Paul Hartmann broke through social taboos to promote its incontinence products in Germany. The campaign was aimed to reach medical editors and journalists with a simple mailing. Instead of a large press kit, the company sent a leaky fountain pen asserting that “incontinence can happen to anyone.” The visual appeal of the pen, and the obvious link to journalists and editors, caught recipients’ attention. The mailing generated a response rate of 22 percent, with 14 percent agreeing to a consultation and 6 percent agreeing to include the topic of incontinence in their publications.
Birla Sun Life Insurance hoped to increase sales of life insurance policies in India, where only 15 percent of the population is insured. A campaign targeted young married couples with a mailing that looked like a typical wedding invitation. Once opened, the invitation played the familiar Vedic Saptapadi mantras that recipients would remember from their own wedding. As they read through each of the seven traditional vows in the mailing, they were reminded of the promises made to their partner. The goal was to remind recipients of their responsibility to protect their loved one. The mailing generated a response rate of 14 percent and a conversion rate of 8.6 percent.
Solutors of Denmark wanted to increase sales of its SMART Boards among secondary schools. To promote the electronic chalkboard system, it used a customized direct mail campaign that reminded principals that students coming from primary schools expect to see SMART Boards. The mailing showed a student browsing the school’s site and led to a website where principals could log on to see SMART Board usage at local primary schools. Since losing disappointed students also meant losing state funding, Solutor pointed out that a SMART Board could retain students and pay for itself. The campaign resulted in a return 29 times the cost of investment.
Ikano Bank of Finland hoped to prompt passive credit card holders to begin using their cards again. The bank realized the key was to educate cardholders that their cards were valid at multiple retailers, not just at the store for which they were initially issued. A colorful direct mail letter was really a poster that caught recipients’ attention with the message that their card was worth more each month, thanks to bonus discounts at a retail partner. A website allowed consumers to sign up for the bonus and reminder emails kept interest up. The banks credit card transactions rose 13 percent in the first month.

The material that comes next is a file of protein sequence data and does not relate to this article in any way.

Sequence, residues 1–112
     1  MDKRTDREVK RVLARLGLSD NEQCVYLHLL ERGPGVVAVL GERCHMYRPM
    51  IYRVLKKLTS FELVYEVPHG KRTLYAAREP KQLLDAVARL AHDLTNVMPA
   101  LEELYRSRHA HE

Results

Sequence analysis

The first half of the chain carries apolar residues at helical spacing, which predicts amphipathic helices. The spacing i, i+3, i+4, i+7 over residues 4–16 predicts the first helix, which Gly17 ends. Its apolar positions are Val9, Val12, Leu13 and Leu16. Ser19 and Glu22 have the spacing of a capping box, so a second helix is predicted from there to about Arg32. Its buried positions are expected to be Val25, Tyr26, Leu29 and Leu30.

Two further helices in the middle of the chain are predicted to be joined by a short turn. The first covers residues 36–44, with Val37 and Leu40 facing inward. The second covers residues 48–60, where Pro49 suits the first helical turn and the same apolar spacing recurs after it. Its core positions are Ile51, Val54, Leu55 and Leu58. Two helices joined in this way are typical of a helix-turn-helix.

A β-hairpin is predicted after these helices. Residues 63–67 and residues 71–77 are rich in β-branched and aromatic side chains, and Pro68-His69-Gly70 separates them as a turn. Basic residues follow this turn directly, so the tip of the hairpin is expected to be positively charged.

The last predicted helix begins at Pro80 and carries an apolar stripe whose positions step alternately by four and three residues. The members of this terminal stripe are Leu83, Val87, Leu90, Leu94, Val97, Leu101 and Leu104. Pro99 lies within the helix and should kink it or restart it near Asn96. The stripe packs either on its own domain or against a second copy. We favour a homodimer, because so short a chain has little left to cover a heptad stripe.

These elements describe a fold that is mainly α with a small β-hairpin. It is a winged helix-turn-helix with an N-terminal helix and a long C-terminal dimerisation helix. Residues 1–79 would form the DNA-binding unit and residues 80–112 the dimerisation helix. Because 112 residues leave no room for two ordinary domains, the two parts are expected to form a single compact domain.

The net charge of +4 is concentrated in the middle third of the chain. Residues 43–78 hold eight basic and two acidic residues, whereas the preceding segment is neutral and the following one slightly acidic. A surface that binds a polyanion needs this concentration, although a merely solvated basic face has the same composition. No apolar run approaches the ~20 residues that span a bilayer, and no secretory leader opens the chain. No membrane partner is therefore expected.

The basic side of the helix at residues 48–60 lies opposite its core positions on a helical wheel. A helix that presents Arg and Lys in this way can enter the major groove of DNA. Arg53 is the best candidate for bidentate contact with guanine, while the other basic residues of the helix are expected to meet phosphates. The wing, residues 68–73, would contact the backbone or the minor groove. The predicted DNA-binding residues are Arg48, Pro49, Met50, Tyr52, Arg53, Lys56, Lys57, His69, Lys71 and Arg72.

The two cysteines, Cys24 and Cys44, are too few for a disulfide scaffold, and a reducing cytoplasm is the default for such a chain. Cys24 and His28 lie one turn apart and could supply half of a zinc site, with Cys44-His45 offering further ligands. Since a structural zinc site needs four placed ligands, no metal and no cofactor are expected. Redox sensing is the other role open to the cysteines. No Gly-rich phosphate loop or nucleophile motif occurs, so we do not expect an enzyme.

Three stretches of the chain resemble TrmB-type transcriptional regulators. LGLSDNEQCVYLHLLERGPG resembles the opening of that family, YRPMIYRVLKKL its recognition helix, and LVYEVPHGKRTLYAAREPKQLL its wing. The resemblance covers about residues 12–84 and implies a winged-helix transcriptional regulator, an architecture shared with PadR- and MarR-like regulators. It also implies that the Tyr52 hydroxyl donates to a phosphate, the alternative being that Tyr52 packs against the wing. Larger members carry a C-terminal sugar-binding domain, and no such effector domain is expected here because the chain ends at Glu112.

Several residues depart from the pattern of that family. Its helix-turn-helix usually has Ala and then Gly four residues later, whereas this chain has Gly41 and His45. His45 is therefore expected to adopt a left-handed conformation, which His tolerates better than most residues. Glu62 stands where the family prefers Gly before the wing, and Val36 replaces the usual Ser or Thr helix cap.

Tryg needed to reach parents who needed to ensure their children, given a new law that meant many school children were no longer covered for accidents at school. The firm played the role of helper, spreading the word that many school children were no longer insured and thus not safe. A campaign sent direct mail and email to customers with other types of policies, and used online banners, Facebook ads, adwords, advertorials, and more to reach other prospects. All were directed to the campaign microsite where it was easy to get quotes and other information. Sales rose to 120 percent of sales the previous year.
Elou demonstrated more bronze creativity, this time in the business-to- business space:
The CRM/direct marketing agency wanted to increase the number of invitations to bids it received from potential clients, and it used a dimensional mailing to carry out the task. A mailing played on how hard the company fights for its clients, enclosing boxing gloves and a championship belt. Three days later, a representative followed up with a call. The185 boxes delivered were a real knockout, landing 51 meetings that resulted in 11 invitations to bid and two new clients. The campaign’s total ROI based on estimated earnings was 5.14 percent.
Vestas Wind Systems sought to promote wind energy as a viable solution to top management at large, carbon-conscious companies. Knowing the top CEOs they were targeting found Bloomberg Business Week indispensible, the company created an issue with personalized cover art, a letter, and loose insert for 657 chief executives. The letter included consumer research along with details on the recipient’s own company’s renewable energy consumption, and the insert led to a personalized URL where they could find more details and research about other companies and consumers. The campaign cut through to reach some of the world’s most difficult-to-reach CEOs.
Integrating Print Media
According to Julie Shaffer, VP of digital technologies for the Printing Industries of America, digital printing now is so mainstream that the PIA has renamed its Digital Printing Council, calling it instead the Integrated Print Media Center.
“It has become ubiquitous,” Shaffer explained. “When the DPC started in the late 1990s, we called it a ‘council’ because there were not that many members with digital print expertise [at that time].” With its focus on linking mobile technologies with direct mail, the group’s next Integrated Print Forum (IPF) is scheduled for mid springtime, May 14-15, in Pittsburgh. (Hurricane Sandy shut down the IPF slated for late October.) Registration open Dec. 5: www.integratedprintforum.org
In late January 2013, the Print On Demand Initiative comes to Vegas -- early-bird registration ends November 27:
January 28-30, 2013